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MME 467

Ceramics for Advanced Applications

Lecture 09
Defects in Ceramics 1
Ref: Barsoum, Fundamentals of Ceramics, Ch6, McGraw-Hill, 2000
Topics to discuss....

 Defects and their classifications


 Point defects and their notations
 Thermodynamics of point defects
Introduction

 A perfect crystal has


 A completely ordered structure
 Its atoms at their equilibrium positions
 Their electrons distributed in the lowest-energy states

 Real crystals are not perfect


 they contains imperfections

 Many properties are markedly dependent on


small deviation from the ideal structure.
Defects and their classes

Electronic defects
Free electron and hole: electrons excited into higher energy levels, leaving
vacant positions in the normally-filled electronic energy-level bands

Atomic defects
Occur as isolated points, lines and surfaces in the structure
during the arrangement of atoms in the space lattice.
1. Point defects: Vacancy, interstitials
2. Line defects: Grain and twin boundaries
3. Planer defects: Edge and screw dislocations
4. Volume defects: Pores, cracks, and inclusions
Point defects – why bother?

 In ceramic system, more is known about point


defects than about the structure of dislocations,
grain boundaries, or free surfaces.
 In metals, point defects are straightforward.
 only one type of atom, charge neutrality is not an issue

 In ceramics, the situation is more complex.


 defects must form by preserving charge neutrality all the time
 defects always occur in neutral “bunches”

 Three categories of point defects in ionic ceramics:


1. Stoichiometric defects
Intrinsic defects
2. Non-stoichiometric defects
3. Extrinsic defects (a.k.a. impurities)
Stoichiometric defects

 Crystal chemistry (cations/anions ratio)


does not change.

 Important defects in this category include:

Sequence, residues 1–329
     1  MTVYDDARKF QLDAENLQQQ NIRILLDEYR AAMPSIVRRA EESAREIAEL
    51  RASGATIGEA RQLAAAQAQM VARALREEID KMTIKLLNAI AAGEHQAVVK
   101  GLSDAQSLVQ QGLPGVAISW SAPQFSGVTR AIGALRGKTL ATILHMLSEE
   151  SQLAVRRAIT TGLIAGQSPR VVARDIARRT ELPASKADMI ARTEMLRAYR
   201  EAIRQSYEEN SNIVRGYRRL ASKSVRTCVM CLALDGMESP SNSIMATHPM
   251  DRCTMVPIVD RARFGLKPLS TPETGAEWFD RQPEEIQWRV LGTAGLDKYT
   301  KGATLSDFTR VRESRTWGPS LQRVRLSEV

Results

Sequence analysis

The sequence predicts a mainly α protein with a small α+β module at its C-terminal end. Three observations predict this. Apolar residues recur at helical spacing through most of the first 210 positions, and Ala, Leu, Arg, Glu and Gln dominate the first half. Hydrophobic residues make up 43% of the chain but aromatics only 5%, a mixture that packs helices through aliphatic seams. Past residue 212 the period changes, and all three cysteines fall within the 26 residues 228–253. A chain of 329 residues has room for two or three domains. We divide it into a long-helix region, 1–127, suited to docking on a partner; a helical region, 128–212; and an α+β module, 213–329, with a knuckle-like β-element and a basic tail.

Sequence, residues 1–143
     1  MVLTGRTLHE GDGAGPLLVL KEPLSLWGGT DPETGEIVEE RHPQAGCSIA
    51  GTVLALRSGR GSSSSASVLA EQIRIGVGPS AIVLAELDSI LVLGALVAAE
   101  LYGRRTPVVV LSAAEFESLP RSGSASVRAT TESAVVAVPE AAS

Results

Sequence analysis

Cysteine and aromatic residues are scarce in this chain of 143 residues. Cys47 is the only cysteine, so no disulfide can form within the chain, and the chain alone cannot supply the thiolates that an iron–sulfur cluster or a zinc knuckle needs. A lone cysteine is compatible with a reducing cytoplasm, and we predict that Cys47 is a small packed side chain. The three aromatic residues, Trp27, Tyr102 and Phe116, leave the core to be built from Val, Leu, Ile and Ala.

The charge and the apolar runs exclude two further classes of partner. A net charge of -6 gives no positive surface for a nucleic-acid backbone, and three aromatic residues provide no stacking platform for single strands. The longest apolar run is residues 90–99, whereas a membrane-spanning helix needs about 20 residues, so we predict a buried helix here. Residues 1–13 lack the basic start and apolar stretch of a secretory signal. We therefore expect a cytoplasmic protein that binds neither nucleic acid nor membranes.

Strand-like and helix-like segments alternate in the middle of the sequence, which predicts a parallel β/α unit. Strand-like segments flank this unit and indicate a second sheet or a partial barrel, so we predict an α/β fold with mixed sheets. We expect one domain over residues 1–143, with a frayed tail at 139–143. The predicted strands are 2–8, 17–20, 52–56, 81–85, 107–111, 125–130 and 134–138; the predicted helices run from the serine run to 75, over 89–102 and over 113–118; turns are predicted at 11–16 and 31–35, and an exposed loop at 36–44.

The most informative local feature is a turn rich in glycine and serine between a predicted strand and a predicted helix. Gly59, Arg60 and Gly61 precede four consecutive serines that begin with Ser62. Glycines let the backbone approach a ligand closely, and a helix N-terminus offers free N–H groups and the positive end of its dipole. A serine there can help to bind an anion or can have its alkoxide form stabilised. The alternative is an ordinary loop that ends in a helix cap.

1. Vacancies and interstitials
2. Schottky and Frenkel defects

Schottky Defect Frenkel Defect


Vacancy – vacancy pair Vacancy – interstitial pair
Non-stoichiometric defects

 Result in a change in crystal composition, and


a transfer of mass across the boundaries of
the crystal

Example 1: removal of an oxygen atom from a ceramic oxide


this results in a vacancy with a charge of two electrons in the conduction band.

Example 2: addition of extra oxygen in interstitial site


the defect site in this case acts as an acceptor, and two holes are created in the valence band.

MaOb Stoichiometric oxide compound

Ma+dOb Non-stoichiometric oxide (metal excess)

MaOb+d Non-stoichiometric oxide (oxygen excess)


Extrinsic defects

 Created as a result of the


presence of impurities in the
host crystals. Substitutional

 Impurities of such type may


form interstitial and
substitutional defects.

Interstitial

Ca Zr
Only cations shown
Cation M O M O M O M O Anion
vacancy vacancy
O M O M O M O M
Substitutional
impurity
M L M O M O M O
I Interstitial
O M O M O M O M impurity
M
Cation M O M O M O M O
interstitial

Misplaced
O O O M M M O M
atoms
M O M O M O M O
Various defects found in binary ceramics.
Misplaced atoms can only occur in covalent ceramics due to charge considerations.
Kroger-Vink Defects Notations

Main Symbol, A
C
AB
The entity occupying the defect site.
It is either the species involved (i.e., the chemical symbol
of the element), or the letter V for vacancy.
Examples are M, X, V, or substitution elements.
Superscript, C
For the excess (or, effective electric) charge
associated with the site.
It is the difference between the real charge of the
defect species and that of the species that would
have occupied the site in a perfect crystal.
The superscript is a prime (’) for each negative
charge, a dot (.) for every positive charge, or an x
for zero effective charge.
C
AB Subscript, B
For the type of site occupied.
It is either the crystallographic position occupies
by species involved, or the letter i for interstitial.
Examples include M, X, or i
Example: Lattice defects in MX binary compound ( M+2, X–2)

Defect Excess charge Notation


Vacancy on M sub-lattice 0 – (+2) = –2 VM”
Vacancy on X sub-lattice 0 – (–2) = +2 VX